For we hear that some among you walk in idleness, not busy at work, but busybodies. Now such persons we command and encourage in the Lord Jesus Christ to do their work quietly and to earn their own living.  As for you, brothers, do not grow weary in doing good. If anyone does not obey what we say in this letter, take note of that person, and have nothing to do with him, that he may be ashamed. Do not regard him as an enemy, but warn him as a brother. (2 Thessalonians 3:11-15)

Good things are not always the easy things. It is not as if the good tasks and deeds in this world will always be the things we find absolutely delightful and putting smiles on our faces. No, good things sometimes have to be done in tears. And the hurt is so much that we can be tempted to give up; to give in to the pressure to do the easy thing instead of the good thing.

This is no more real then in church discipline situation happening in Thessalonica. People were not working to earn their won living. Instead they walked in idleness. What was the church suppose to do? They were to make their love tough and have nothing to do with the people, so to warn them as brothers and sisters.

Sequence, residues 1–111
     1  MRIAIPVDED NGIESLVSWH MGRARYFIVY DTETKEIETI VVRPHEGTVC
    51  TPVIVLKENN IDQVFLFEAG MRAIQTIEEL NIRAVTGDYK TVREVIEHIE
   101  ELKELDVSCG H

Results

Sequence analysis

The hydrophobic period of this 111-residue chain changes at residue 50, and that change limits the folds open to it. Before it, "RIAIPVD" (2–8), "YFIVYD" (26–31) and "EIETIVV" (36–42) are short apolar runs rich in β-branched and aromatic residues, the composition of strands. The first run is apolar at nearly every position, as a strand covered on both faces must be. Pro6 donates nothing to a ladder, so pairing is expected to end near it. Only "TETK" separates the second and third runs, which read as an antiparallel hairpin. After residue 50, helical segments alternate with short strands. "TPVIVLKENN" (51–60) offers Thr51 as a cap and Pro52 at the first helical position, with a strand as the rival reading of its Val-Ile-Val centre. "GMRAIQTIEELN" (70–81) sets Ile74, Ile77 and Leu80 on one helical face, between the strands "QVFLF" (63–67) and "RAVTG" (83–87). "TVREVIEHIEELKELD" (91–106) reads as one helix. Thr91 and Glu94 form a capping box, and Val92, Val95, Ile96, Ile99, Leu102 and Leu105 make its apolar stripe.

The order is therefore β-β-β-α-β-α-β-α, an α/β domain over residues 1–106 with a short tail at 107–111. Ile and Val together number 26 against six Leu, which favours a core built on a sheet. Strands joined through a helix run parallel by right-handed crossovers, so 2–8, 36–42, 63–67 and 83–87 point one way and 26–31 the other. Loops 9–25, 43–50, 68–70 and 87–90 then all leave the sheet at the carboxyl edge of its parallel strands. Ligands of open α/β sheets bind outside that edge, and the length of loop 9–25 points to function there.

In the middle of this command Paul gives an encouragement to the believers, “Don’t grow weary in doing good.” It was good that the believers got tough with sin in their midst. It was good that they did not do anything with the idle people.

Was it still hard to enact such measures? You bet. That is why Paul had to encourage them. But did the hardness of having to turn down get-togethers with friends not make it good? No. It was still good. There are times that it is hard and painful to do the good things. But we shouldn’t grow weary in doing them. Because in the end, good always brings a harvest and the quick-easy way out always produces unhealthy crops.